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Bringing Classic Tales to a Modern Reader

Literature as Comics
Pictures of Classic Comics

Bringing Classic Tales to a Modern Reader: Literature as Comics

This is the eleventh installment of an ongoing series written for the blog by Richard Graham. Richard is an associate professor and media services librarian at the University of Nebraska-Lincoln, where he studies the educational use of comics and serves as the film and art history liaison. His posts examine the connections of UNL, Nebraska, and the larger literary world with the comics medium.

 

F. Scott Fitzgerald’s prominent work of American literature, The Great Gatsby, has once again been adapted into the film medium. If you are like me, you may be wondering whether five times is finally the charm for an adaptation that’s as compelling as the original. You may also still be trying to rid yourself of Robert Redford as Jay Gatsby in your mind, and hesitant to replace that image with Leonardo DiCaprio. So what is it about some prominent works of literature and their inability to translate well into other mediums? Fans and scholars of Shakespeare often deal with a mish-mash of successes and failures regarding translation of their beloved Bard, but certainly comic book aficionados have enjoyed the recent run of big screen adaptations of their superheroes, such as the smash hit Avengers and Christopher Nolan’s interpretation of the Dark Knight.

However, my ten-year-old’s recent purchase, a comic book version of H.P. Lovecraft’s short stories, has set my mind to wondering about the reverse: just how successful are works of literature translated into the comics medium? Now, by “successful,” I’m not necessarily referring to whether an adaptation is true to the original; rather, I subscribe to Thomas Inge’s assertion that the adaptation be evaluated in terms of its success as a comic book and how creatively it uses and expands on the artistic and technical possibilities of that medium. As Dirk Vanderbeke has observed of a comic book adaptation of Paul Auster‘s novel City of Glass, “it is not faithful to the novel, but to its own reading of the novel, and it affirms that sequential art can not only join the discourse on Auster‘s text, but also take its position as a work of art in its own right.” In other words, the comic must be able stand alone on its own merits.

Ada Price at Publisher’s Weekly has also ruminated here and here on comic book adaptations, though as a means for publishers to grow existing audiences and fan bases. To her, publishers achieve success when the comic editions of classics are arrows pointing back to the source and translate into larger sales.

Educators also like to discuss their concerns that comic adaptations present weak substitutes for the real thing; they are afraid students will choose these newer, flashier versions over the originals, echoing their previous concerns about students watching film adaptations. After all, why would students plow through the Great Gatsby when they could flip through a comic book (or watch one of the five film versions) and glean a basic understanding of the same story? To many teachers, an adaptation is deemed good when it supplements the original and acts as a gateway for otherwise reluctant readers. Remember the iconic Classics Illustrated comic book series? Those tales adapted from famous works of literature recently went digital in a further effort to sneak good literature into the digital diets of a younger generation.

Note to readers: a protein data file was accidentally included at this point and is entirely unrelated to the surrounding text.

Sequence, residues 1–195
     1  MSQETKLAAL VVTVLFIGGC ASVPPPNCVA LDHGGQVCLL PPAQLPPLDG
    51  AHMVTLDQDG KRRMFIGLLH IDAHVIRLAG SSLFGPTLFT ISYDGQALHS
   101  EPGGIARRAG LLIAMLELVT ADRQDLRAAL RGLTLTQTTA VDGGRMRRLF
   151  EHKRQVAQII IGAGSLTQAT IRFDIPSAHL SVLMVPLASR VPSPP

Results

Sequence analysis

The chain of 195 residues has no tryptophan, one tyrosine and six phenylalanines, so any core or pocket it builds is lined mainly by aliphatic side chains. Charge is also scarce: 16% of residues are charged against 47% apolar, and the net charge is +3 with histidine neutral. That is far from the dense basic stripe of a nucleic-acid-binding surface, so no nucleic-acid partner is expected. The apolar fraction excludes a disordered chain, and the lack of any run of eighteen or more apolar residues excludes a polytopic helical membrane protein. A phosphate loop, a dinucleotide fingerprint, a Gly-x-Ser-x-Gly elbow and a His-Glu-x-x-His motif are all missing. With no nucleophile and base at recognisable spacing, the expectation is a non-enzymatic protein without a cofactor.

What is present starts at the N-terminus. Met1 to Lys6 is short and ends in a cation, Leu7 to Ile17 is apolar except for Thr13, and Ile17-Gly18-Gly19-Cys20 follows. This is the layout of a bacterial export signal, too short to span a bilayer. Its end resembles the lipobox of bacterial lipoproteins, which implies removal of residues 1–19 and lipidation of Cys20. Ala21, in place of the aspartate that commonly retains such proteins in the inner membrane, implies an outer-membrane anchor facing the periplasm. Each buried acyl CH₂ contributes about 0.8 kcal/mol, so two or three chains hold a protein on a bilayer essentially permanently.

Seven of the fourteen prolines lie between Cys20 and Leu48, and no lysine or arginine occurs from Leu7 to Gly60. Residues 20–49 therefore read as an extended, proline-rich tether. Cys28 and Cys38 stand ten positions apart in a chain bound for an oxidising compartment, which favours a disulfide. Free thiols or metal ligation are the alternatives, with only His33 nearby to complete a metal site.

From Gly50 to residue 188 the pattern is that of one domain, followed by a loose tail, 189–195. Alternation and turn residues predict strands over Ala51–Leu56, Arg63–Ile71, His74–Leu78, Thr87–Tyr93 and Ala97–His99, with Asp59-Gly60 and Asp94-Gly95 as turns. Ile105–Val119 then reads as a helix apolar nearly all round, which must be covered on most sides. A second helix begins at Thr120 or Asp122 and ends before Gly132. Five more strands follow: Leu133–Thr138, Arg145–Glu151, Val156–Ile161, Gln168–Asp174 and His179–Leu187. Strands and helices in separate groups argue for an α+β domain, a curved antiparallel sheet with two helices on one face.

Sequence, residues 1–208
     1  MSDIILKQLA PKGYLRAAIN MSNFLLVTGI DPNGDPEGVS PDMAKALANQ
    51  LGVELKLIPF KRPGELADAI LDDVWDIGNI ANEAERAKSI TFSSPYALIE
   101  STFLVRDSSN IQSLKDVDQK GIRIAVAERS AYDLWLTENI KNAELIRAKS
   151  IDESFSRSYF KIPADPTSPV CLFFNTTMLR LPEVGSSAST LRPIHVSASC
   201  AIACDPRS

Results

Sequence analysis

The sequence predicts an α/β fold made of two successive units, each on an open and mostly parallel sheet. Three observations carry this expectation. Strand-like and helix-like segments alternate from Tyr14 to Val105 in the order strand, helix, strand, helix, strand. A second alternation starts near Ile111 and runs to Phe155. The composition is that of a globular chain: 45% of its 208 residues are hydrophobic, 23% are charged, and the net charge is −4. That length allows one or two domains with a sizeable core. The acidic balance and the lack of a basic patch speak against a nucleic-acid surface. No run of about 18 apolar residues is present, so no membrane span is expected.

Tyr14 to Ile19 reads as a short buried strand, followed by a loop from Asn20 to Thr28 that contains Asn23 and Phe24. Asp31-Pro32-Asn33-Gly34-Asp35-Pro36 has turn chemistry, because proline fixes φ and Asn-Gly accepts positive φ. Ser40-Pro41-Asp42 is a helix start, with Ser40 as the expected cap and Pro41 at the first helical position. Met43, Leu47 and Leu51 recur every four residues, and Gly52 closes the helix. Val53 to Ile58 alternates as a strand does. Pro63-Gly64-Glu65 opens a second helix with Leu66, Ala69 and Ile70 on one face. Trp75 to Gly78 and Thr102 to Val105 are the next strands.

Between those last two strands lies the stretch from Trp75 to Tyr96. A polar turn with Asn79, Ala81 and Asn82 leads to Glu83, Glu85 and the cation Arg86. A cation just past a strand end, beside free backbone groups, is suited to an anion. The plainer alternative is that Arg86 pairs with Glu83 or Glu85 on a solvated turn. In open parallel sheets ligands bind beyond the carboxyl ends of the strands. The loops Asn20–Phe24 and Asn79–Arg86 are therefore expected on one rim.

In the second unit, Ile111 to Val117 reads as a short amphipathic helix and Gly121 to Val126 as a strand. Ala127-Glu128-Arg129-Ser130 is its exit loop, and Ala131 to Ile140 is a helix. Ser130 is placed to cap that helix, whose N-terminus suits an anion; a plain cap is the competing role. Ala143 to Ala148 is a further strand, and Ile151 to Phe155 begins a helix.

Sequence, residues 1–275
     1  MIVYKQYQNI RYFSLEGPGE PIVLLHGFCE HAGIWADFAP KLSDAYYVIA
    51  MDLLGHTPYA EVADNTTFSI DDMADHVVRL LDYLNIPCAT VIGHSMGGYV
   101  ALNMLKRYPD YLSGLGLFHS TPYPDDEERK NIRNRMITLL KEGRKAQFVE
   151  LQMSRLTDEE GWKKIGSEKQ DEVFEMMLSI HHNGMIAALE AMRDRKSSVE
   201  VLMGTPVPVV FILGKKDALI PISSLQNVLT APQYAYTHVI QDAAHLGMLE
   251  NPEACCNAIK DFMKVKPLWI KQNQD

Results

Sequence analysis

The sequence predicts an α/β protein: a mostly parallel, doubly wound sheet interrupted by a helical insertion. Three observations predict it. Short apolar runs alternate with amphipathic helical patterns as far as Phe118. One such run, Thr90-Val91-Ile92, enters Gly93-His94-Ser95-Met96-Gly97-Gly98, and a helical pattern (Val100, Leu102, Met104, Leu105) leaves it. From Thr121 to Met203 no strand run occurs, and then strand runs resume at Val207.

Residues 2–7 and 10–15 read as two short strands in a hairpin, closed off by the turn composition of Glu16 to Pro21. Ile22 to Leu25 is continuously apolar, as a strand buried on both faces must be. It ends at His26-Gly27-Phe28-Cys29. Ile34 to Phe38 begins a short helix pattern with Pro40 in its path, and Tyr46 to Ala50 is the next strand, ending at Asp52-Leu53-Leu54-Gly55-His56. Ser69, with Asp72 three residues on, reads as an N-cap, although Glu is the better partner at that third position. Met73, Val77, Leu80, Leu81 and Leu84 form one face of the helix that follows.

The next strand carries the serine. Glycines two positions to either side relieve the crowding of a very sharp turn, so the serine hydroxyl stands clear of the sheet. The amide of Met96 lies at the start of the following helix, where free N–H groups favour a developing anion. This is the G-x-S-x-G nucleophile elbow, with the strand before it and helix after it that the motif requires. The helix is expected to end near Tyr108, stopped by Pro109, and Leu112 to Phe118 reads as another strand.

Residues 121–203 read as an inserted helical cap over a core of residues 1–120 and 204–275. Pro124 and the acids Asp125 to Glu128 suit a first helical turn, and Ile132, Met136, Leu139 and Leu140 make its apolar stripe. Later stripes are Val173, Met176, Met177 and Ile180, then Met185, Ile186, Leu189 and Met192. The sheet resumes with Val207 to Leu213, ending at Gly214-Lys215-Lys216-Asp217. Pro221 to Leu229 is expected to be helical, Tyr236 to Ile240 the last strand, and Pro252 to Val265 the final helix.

The past few years have given rise to a vast number of graphic novel adaptations of classic texts and literary fiction. Titles like Beowulf, Fahrenheit 451, Crime and Punishment, and The Kite Runner have become available as graphic novels. Different artists have different approaches to converting these hallowed texts. Some artists, like Canterbury Tales illustrator Seymour Chawst, take liberties with the text, supplementing the original stories with anachronistic references and modern humor in order to make the writings more accessible to a contemporary audience. Other artists adhere more strictly to the time and place of the originals. Fabio Celoni and Mirka Andolfo's adaption of The Kite Runner conforms carefully to the framework and dialogue set by Hosseini's novel (probably because Hosseini converted the text himself). But no matter how much artistic license the adapters take, the texts all serve the same purpose: to bring classic tales to a modern reader.

With the parallel expansion of graphic novels and electronic reading devices, it will be interesting to see how content and medium fuse to reshape the landscape of the literary scene. As literature continues to fall from shelves and find a home on the web and screen, illustration and film/video may take a more prominent role, but if the classic texts survive because they are truly universal and relevant to readers of any era, we need not fear their extinction and, in fact, should welcome the diversity in which these stories present themselves.